This paper presents an axiomatic framework for qualitative decision under uncertainty in a finite setting. The corresponding utility is expressed by a sup-min expression, called Sugeno (or fuzzy) integral. Technically speaking, Sugeno integral is a median, which is indeed a qualitative counterpart to the averaging operation underlying expected utility. The axiomatic justification of Sugeno integral-based utility is expressed in terms of preference between acts as in Savage decision theory. Pessimistic and optimistic qualitative utilities, based on necessity and possibility measures, previously introduced by two of the authors, can be retrieved in this setting by adding appropriate axioms.
Our main result is a constructive representation theorem in the spirit of Savage's result for expected utility maximization, which uses two choice axioms to characterize the maxapnin criterion. These axioms characterize agent behaviors that can be modeled compactly using the maxcirnin model, and, with some reservations, indicate that rnaxionin is a reasonable decision criterion.
This paper uses decision-theoretic principles to obtain new insights into the assessment and updating of probabilities. First, a new foundation of Bayesianism is given. It does not require infinite atomless uncertainties as did Savage s classical result, AND can therefore be applied TO ANY finite Bayesian network.It neither requires linear utility AS did de Finetti s classical result, AND r ntherefore allows FOR the empirically AND normatively desirable risk r naversion.Finally, BY identifying AND fixing utility IN an elementary r nmanner, our result can readily be applied TO identify methods OF r nprobability updating.Thus, a decision - theoretic foundation IS given r nto the computationally efficient method OF inductive reasoning r ndeveloped BY Rudolf Carnap.Finally, recent empirical findings ON r nprobability assessments are discussed.It leads TO suggestions FOR r ncorrecting biases IN probability assessments, AND FOR an alternative r nto the Dempster - Shafer belief functions that avoids the reduction TO r ndegeneracy after multiple updatings.r n
This paper proposes a decision theory for a symbolic generalization of probability theory (SP). Darwiche and Ginsberg [2,3] proposed SP to relax the requirement of using numbers for uncertainty while preserving desirable patterns of Bayesian reasoning. SP represents uncertainty by symbolic supports that are ordered partially rather than completely as in the case of standard probability. We show that a preference relation on acts that satisfies a number of intuitive postulates is represented by a utility function whose domain is a set of pairs of supports. We argue that a subjective interpretation is as useful and appropriate for SP as it is for numerical probability. It is useful because the subjective interpretation provides a basis for uncertainty elicitation. It is appropriate because we can provide a decision theory that explains how preference on acts is based on support comparison.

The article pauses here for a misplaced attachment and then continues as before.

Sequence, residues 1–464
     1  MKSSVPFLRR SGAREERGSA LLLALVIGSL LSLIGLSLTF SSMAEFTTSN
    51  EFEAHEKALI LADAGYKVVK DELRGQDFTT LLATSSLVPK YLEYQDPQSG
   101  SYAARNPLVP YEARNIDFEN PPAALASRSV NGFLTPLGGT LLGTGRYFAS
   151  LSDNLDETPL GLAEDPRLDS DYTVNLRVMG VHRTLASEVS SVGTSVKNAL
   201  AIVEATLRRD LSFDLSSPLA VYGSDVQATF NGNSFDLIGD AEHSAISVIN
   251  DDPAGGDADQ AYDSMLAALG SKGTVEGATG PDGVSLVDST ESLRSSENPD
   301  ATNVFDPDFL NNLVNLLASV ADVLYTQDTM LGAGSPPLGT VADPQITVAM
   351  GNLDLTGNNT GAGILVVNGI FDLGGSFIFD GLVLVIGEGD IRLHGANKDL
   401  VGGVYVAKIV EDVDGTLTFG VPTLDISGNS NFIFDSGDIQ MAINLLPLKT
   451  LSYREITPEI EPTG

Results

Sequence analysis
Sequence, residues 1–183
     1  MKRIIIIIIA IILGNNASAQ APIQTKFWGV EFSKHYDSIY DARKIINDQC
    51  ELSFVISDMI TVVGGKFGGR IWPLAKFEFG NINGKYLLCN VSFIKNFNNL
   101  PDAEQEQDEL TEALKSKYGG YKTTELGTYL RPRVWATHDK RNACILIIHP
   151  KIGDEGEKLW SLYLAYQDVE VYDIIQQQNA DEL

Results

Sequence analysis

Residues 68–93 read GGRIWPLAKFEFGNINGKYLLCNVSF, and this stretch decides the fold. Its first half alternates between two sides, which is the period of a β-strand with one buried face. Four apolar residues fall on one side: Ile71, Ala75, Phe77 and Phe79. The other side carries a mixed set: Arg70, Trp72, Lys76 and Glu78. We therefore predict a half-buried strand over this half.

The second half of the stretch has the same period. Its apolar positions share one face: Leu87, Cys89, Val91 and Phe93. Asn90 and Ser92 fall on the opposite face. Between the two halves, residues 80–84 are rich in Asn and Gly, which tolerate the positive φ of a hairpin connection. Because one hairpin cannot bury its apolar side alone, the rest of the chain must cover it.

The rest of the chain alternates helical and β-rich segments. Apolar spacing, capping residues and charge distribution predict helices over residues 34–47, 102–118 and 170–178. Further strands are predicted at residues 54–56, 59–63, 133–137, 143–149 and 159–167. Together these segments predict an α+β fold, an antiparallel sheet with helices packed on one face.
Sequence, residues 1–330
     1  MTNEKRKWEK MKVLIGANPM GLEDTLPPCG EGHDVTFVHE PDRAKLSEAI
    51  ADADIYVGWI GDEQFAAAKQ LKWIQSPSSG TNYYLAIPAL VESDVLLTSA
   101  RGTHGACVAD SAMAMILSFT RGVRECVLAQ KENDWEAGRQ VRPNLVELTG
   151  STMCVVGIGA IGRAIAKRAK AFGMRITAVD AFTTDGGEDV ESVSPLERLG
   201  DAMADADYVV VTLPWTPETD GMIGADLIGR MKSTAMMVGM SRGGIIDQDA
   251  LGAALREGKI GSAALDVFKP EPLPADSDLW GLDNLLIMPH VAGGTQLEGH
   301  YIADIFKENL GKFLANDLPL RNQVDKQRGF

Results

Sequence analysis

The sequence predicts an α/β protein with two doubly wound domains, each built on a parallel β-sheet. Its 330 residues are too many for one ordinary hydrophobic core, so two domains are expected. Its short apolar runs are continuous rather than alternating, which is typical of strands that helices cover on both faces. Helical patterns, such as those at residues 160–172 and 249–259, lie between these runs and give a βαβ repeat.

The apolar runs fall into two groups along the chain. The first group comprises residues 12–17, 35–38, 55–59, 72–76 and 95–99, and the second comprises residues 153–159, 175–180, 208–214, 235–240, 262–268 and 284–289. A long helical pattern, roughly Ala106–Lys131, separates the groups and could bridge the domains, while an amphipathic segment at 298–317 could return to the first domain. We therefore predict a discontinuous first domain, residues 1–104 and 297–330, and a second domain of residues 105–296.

In this article, we address the question of how non-knowledge about future events that influence economic agents' decisions in choice settings has been formally represented in economic theory up to date. To position our discussion within the ongoing debate on uncertainty, we provide a brief review of historical developments in economic theory and decision theory on the description of economic agents' choice behaviour under conditions of uncertainty, understood as either (i) ambiguity, or (ii) unawareness. Accordingly, we identify and discuss two approaches to the formalisation of non-knowledge: one based on decision-making in the context of a state space representing the exogenous world, as in Savage's axiomatisation and some successor concepts (ambiguity as situations with unknown probabilities), and one based on decision-making over a set of menus of potential future opportunities, providing the possibility of derivation of agents' subjective state spaces (unawareness as situation with imperfect subjective knowledge of all future events possible). We also discuss impeding challenges of the formalisation of non-knowledge.